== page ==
Bible inspiration for Chinese art exhibit

By  Luc Rinaldi, The Catholic Register
  • August 12, 2010
kk_acceptanceTORONTO - Katherina Kwan and Yvonne Cheng are not professional artists, they say, they are just ordinary people who want to explore their faith through art.

“The Eternal Wisdom — Tao,” an art exhibition running Aug. 21-26, is Kwan and Cheng’s chance to let others share in this exploration. The six-day event, held at the Chinese Cultural Centre of Greater Toronto, will showcase their Catholic Chinese art and calligraphy.

“What inspires me in the Bible, I show it through painting,” said Cheng. “I just want to show how I experience my faith, and thank God for the chance to show the truth of how He loves us.”

The exhibit is a collection of biblical passages and illustrations. Cheng portrays whatever inspires her through paintings, which is accompanied by connected psalms or readings. Kwan uses traditional Chinese characters to express different passages of the Bible such as the Beatitudes, prayers and hymns.

The exhibition began as an idea of Kwan’s in 2007. Under the guidance of her calligraphy teacher, Chau Pak Leung, she learned to integrate her Catholic faith into her artwork and was encouraged to share it with others. Cheng later found herself invited to become part of the exhibition, as she is also Catholic and a pupil of Leung.

“To me, it’s very special,” said Cheng. “It’s God’s idea, maybe.”

The exhibition’s name comes from ancient Chinese philosophy, which recognized an unexplainable and indescribable power which they called “Tao.” As Catholics, Kwan and Cheng see this power as God, and through their art hope to bridge the gap between ancient Chinese teaching and Western theology.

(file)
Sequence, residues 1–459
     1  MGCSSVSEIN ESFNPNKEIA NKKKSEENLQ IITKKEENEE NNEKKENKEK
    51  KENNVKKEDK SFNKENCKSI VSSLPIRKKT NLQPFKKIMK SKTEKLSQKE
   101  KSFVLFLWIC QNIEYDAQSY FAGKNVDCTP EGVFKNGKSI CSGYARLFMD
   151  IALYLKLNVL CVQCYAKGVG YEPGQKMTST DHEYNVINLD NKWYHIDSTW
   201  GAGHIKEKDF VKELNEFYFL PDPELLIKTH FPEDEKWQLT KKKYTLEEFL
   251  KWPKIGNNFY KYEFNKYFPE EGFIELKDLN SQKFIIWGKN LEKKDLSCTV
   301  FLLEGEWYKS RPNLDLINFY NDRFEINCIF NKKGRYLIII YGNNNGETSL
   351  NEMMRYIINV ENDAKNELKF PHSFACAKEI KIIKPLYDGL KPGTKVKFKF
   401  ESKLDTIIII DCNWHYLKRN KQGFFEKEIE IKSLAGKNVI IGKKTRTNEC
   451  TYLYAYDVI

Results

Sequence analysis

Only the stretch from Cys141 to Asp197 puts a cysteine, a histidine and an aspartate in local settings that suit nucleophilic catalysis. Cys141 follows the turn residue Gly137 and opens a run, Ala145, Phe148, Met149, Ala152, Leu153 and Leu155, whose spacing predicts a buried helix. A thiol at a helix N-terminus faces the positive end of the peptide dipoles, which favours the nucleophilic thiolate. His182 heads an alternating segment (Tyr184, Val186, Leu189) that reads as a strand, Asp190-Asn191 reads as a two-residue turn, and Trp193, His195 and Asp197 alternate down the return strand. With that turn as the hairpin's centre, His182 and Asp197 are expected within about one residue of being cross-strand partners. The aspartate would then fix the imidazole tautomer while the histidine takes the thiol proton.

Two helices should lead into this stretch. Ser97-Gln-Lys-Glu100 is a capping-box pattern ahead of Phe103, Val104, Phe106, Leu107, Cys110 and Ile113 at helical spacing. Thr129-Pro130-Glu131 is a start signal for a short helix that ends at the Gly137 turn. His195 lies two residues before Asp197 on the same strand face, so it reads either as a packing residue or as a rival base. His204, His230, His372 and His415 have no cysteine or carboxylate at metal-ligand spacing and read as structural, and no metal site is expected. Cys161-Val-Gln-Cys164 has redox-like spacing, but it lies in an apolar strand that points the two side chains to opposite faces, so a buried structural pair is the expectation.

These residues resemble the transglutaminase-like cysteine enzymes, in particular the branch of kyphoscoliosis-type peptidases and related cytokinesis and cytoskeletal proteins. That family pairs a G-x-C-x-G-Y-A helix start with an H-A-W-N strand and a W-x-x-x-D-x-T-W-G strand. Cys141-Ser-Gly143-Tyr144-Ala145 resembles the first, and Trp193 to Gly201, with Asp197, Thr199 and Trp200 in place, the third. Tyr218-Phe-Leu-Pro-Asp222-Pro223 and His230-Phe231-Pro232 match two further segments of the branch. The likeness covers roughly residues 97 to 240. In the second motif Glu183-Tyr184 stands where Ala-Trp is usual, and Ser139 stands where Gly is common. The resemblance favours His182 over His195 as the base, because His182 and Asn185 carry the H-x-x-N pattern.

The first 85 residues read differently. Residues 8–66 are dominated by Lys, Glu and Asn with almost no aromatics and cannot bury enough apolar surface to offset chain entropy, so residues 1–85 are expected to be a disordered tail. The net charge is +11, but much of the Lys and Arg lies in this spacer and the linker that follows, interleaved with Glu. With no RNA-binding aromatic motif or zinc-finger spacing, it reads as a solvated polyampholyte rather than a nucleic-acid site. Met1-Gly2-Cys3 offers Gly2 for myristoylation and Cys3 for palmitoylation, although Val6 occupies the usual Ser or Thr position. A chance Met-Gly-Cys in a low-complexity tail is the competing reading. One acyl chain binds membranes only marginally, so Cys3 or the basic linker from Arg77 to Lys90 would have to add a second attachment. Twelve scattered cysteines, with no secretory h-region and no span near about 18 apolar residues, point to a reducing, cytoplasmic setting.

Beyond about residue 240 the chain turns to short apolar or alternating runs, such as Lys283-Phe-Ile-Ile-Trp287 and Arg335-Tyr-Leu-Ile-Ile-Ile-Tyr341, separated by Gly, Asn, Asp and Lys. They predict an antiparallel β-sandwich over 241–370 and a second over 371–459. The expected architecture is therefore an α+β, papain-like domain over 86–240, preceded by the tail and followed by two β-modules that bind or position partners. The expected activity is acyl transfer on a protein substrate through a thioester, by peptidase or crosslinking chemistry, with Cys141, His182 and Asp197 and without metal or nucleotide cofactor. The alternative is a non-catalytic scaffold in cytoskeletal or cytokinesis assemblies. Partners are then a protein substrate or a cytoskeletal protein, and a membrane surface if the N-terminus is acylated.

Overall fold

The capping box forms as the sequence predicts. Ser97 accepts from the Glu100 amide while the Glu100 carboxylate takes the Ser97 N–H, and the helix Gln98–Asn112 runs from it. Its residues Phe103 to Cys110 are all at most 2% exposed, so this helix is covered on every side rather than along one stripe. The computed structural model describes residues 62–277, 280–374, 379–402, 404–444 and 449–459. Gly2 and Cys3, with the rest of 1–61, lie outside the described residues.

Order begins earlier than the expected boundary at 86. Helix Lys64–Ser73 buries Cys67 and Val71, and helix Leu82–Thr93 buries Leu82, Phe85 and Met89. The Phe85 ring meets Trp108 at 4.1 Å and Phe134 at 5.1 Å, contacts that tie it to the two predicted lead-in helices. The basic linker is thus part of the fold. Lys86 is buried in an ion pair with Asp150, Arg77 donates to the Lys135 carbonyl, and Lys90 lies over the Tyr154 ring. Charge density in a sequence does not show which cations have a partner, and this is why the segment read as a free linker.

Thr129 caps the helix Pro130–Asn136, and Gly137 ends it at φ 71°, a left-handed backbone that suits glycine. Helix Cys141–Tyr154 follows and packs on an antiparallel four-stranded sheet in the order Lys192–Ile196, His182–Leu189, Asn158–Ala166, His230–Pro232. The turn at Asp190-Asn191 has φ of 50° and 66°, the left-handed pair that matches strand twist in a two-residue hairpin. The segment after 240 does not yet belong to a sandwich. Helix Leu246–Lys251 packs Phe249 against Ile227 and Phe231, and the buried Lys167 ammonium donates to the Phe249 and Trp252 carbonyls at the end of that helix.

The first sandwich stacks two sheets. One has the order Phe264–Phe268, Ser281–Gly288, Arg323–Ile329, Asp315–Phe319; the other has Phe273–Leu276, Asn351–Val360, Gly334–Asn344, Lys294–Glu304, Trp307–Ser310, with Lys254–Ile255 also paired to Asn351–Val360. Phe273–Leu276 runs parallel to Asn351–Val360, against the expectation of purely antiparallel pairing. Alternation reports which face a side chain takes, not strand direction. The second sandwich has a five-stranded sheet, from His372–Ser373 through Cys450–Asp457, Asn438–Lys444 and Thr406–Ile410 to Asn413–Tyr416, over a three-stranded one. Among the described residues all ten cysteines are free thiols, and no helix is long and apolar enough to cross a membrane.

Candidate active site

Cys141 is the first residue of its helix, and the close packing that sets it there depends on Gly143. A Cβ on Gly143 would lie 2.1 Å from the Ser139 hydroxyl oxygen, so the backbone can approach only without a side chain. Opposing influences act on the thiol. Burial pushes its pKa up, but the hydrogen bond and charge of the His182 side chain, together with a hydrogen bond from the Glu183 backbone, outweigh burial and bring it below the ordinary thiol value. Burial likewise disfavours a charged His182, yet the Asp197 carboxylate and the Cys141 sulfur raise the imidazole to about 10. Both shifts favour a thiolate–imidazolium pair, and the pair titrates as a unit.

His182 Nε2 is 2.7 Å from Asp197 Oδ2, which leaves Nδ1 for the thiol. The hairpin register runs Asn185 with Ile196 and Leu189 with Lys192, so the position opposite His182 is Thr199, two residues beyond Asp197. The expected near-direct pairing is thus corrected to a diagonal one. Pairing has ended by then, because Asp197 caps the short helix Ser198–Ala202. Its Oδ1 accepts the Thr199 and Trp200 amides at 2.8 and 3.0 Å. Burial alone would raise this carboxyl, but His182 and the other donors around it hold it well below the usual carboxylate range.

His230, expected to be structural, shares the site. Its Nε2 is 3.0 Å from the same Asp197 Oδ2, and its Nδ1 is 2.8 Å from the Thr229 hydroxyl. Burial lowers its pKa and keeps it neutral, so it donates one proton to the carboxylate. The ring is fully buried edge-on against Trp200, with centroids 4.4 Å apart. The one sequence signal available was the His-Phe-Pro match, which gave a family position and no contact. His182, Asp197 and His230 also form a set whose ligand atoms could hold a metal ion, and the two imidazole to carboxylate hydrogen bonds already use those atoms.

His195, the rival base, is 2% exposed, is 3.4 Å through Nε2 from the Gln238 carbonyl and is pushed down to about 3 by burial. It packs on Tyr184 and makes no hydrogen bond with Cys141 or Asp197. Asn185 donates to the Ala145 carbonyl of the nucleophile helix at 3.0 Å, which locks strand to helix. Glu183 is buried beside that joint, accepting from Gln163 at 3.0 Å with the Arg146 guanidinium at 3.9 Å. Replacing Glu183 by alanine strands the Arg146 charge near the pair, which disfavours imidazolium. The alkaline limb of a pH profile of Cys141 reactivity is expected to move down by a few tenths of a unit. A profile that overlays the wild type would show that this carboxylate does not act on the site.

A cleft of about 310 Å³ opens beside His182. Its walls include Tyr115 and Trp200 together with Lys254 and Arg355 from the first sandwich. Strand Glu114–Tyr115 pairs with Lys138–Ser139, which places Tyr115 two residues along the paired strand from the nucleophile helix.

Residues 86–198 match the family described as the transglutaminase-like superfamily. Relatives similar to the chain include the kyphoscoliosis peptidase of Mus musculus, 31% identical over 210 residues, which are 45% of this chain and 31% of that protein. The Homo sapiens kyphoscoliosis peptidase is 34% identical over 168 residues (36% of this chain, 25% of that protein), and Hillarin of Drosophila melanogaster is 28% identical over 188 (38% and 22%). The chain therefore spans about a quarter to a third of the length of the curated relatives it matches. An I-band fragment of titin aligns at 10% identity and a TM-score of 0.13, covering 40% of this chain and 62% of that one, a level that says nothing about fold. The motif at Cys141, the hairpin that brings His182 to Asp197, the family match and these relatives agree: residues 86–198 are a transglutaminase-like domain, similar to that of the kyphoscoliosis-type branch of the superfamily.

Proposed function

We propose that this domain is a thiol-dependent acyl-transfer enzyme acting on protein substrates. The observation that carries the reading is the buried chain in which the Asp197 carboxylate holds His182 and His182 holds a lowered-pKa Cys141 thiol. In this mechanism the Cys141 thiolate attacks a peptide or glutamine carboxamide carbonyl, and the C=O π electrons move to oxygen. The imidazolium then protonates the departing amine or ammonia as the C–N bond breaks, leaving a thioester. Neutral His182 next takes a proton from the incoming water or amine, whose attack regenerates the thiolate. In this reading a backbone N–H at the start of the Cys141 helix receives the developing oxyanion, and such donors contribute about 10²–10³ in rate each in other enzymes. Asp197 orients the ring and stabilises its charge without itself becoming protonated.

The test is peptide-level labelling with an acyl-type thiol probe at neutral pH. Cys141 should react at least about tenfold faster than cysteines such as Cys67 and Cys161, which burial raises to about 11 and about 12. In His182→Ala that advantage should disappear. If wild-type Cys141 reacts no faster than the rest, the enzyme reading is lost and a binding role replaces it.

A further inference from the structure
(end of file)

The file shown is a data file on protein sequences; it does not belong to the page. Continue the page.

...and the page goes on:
Together with a group of volunteers, Kwan and Cheng will offer commentary and explanation of their artwork for those who attend the exhibition. Though the artwork is Catholic and Chinese, the artists invite and welcome people of different cultures and faiths to explore it. With translation and interpretation, they believe that the art can be appreciated by all.

“We are not really better or holier people, we are not teachers, we just want to share,” said Kwan. “I hope people will think about their faith and their relationship with God.”

The free exhibit opens at 2:30 p.m. on Aug. 21 at the Chinese Cultural Centre at 5183 Sheppard Ave. E. The exhibition is free and runs from 10 a.m. to 5 p.m. daily.

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